Winemaking is one of the world’s oldest arts, spanning thousands of years. This has evolved into an industry that fuels destination travel, wedding venues and lively dinner conversation. Now, we can add sustainable practices to that list of accomplishments with a new line of wines by Proud Pour, whose aim is to inspire the environmentalist in everyone, even those who simply want to enjoy a pleasant glass of wine. Proud Pour began in New York City in 2014 when founder Berlin Kelly realized wine could be an avenue for environmental improvements. “I was living in NYC and drinking almost every night with my friends when I learned that NY Harbor has lost 95% of their wild oysters ,” Kelly explained. “I launched Proud Pour wines to raise money for NYC oyster restoration with the Billion Oyster Project , our first environmental partner.” Related: The differences between organic, natural, biodynamic and sustainable wines It’s easy to be inspired to save oysters and their habitat, because they are a critical filter for the oceans . In fact, a single oyster cleans 30 gallons of ocean water each day. To bring the project full circle, Proud Pour produces a Sauvignon Blanc labeled “Save the Ocean” (as in Save-ignon). Each bottle funds restoration efforts for 100 wild oysters. Efforts so far have provided restored habitats for 12 million wild oysters. A second offering from the company focuses on bee health . “Pinot for Bees” is a Pinot Noir that highlights the need for providing bee habitat. As the print on the bottle explains, “Every bottle plants 300 wildflowers,” which is equivalent to 35 square feet of prime bee habitat. Because bees are credited with providing one out of every three bites of food we eat, it’s great to see the company report that wine-lovers have already funded the planting of 75 acres of wildflowers. The third current selection is labeled, “Rosé for Reefs,” a rosé aimed at educating wine-lovers about the importance of coral reefs . According to the bottle, “Coral reefs cover just 1% of the ocean floor but support 25% of all marine life.” With that in mind, each three cases of this wine results in one new baby coral planting. To date, the company has funded the growth and planting of 112 baby corals. For those with a different palette and passion for sea turtles, Proud Pour produces a cider made from Connecticut River Valley apples. Like all of its products, Proud Pour’s Cider for Sea Turtles is sustainably grown and vegan . Proceeds from the cider fund the work at sea turtle hospitals that rescue and care for injured sea turtles so they can return to the ocean. The adventure that is Proud Pour is the result of a two-person show that includes Berlin Kelly, founder, and Brian Thurber, CEO. Thurber came on board in 2015, the same year the wine began hitting the store shelves. Even though just the two of them run the company, they rely on a host of partners to bring the project from grape to nonprofit funding. The process begins by connecting with high quality, sustainable winemakers in Oregon and California. On the other end of the process, they rely on nonprofits who work to protect bees, wild oysters, sea turtles and coral reefs, with more missions on the radar. Thurber told Inhabitat, “Up next are Grenache for Gray Wolves, Chardonnay for Sharks , and Syrah for Soil.” While myriad companies have joined 1% For the Planet as a way to give 1% of their net profits to environmental causes, Proud Pour has pledged a larger commitment. Proud Pour donates 5% of its top-line revenue, meaning the donation amount is calculated from the revenue, not the amount leftover after everyone gets paid. Proceeds are delivered to 22 environmental nonprofits across the U.S. Six years into the enterprise, the wines can be found in over 700 shops and restaurants in 18 states. That means there are more than 700 opportunities to spread the word about the environment and sustainable actions. “We’re making Proud Pour into the ultimate tool for recruiting new environmentalists,” Thurber said. “Our fans already use the wines as a casual way to talk about the environment with friends, and we’ll be building new storytelling tools to make those conversations a snap.” The current wines can be found online with shipping to 43 states. Each order is sustainably packaged with carbon-neutral shipping. Cider For Sea Turtles is only available in stores. While sale proceeds help restore invaluable ecosystems, the overall vision of Proud Pour is to facilitate conversations about the environment with a goal to create 5 million new environmentalists over the next decade. It seems like a reasonable discussion to have over a glass of wine. Inhabitat’s review of Proud Pour wines Occasionally companies offer to send us product samples so we can provide you with a well-rounded perspective, and let me tell you, few have been more fun to sample than Proud Pour Wines. Reviewing wine is entirely subjective, so obviously this is my layman’s opinion. The bottles are blanketed with the message of environmental awareness and it’s a beautiful thing — both informative and direct. Save the Ocean, the Sauvignon Blanc, struck me as buttery with a hint of citrus. It’s got more punch than a chardonnay but is tame enough for easy drinking. I can see how it would pair well with oysters and other seafood . Pinot for the Bees was my personal favorite, considering I’m a red wine fan. Living in Oregon, I’m spoiled by Pinot Noir, so I wasn’t surprised to discover the wine was vinted and bottled a few hours from my house. I found the vintage to be light and smooth. Although it lacks the complexity of big reds, most Pinots do, so it’s not a strike, just more of a profile note. Speaking of notes, this is an easy drinker any time of year. Rosé for Reefs is a light and crisp option. It’s not a sweet rosé but very quaffable with a gorgeous, medium-pink color. We added strawberries for a burst of fresh, late-summer flavor. Overall, each wine was a solid option in its own right, and the printed bottle is a beautiful representation of what conversations around sustainable actions should look like. Cheers to that. + Proud Pour Images via Proud Pour and Dawn Hammon / Inhabitat Editor’s Note: This product review is not sponsored by Proud Pour. All opinions on the products and company are the author’s own.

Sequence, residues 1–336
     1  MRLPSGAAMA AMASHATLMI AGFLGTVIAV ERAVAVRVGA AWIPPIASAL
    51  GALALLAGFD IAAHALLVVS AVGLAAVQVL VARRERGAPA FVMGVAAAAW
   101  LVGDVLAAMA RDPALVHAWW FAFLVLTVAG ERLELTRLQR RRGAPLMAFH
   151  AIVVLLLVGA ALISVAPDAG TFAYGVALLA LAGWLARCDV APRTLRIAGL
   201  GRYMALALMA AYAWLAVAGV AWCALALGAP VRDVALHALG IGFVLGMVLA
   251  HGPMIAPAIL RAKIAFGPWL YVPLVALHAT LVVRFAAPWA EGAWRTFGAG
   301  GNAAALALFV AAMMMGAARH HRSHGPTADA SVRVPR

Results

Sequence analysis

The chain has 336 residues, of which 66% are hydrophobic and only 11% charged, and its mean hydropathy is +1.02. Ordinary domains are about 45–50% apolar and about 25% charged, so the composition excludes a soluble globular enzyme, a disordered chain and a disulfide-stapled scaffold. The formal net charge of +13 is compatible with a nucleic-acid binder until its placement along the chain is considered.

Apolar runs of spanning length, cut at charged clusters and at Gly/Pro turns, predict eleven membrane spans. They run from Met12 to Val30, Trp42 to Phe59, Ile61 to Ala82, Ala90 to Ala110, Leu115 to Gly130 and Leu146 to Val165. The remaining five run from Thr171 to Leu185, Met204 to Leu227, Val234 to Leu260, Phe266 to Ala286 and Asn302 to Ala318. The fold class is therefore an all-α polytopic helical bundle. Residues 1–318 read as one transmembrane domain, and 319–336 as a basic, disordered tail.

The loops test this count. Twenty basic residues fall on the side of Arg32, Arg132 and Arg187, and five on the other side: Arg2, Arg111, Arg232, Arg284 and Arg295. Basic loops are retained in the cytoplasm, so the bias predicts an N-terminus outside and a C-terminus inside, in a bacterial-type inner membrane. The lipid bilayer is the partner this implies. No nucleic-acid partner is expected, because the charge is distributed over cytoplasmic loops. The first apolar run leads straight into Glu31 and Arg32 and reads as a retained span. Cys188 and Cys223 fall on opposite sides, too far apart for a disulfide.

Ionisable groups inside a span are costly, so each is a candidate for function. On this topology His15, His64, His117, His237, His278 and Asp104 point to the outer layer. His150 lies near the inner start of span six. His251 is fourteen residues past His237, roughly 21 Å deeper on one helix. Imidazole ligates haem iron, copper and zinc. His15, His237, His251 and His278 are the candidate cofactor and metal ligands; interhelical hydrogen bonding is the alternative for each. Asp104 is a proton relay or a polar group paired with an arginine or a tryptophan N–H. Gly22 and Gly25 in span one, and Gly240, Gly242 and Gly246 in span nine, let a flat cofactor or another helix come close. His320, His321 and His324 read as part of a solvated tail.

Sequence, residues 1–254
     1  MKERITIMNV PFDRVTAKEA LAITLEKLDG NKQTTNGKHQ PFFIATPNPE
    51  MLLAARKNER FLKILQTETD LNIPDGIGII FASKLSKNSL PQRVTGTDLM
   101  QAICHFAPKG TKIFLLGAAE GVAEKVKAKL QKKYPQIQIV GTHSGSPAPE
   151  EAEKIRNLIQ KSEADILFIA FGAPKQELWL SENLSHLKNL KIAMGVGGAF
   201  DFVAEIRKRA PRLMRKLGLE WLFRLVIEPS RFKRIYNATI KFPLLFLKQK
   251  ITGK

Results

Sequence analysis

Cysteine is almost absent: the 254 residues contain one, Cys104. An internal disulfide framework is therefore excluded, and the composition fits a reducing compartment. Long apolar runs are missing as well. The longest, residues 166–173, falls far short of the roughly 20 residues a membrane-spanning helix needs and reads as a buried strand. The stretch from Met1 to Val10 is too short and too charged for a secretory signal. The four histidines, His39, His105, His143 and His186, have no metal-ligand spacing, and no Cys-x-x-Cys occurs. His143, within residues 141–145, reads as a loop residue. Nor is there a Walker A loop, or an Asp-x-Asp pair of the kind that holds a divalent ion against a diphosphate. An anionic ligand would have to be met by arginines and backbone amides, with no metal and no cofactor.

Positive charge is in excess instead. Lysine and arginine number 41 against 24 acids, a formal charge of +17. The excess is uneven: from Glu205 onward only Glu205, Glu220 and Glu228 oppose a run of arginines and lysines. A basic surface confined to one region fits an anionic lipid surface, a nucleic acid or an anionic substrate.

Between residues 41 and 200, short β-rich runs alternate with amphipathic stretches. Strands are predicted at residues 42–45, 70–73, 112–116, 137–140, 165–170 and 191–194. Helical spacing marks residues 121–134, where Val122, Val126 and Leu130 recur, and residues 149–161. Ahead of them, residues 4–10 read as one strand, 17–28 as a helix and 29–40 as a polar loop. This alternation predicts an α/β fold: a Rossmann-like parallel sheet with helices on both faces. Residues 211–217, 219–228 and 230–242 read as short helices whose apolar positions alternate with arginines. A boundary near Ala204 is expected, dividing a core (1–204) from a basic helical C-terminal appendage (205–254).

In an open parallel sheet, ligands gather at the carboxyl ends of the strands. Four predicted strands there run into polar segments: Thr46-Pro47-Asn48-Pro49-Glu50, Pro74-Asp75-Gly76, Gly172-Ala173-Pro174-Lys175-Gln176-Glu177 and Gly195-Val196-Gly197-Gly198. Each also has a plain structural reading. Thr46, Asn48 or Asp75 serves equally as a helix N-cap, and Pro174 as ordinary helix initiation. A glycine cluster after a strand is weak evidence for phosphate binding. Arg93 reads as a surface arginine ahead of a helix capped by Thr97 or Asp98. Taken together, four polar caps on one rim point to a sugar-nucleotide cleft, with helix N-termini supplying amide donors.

See the rest here: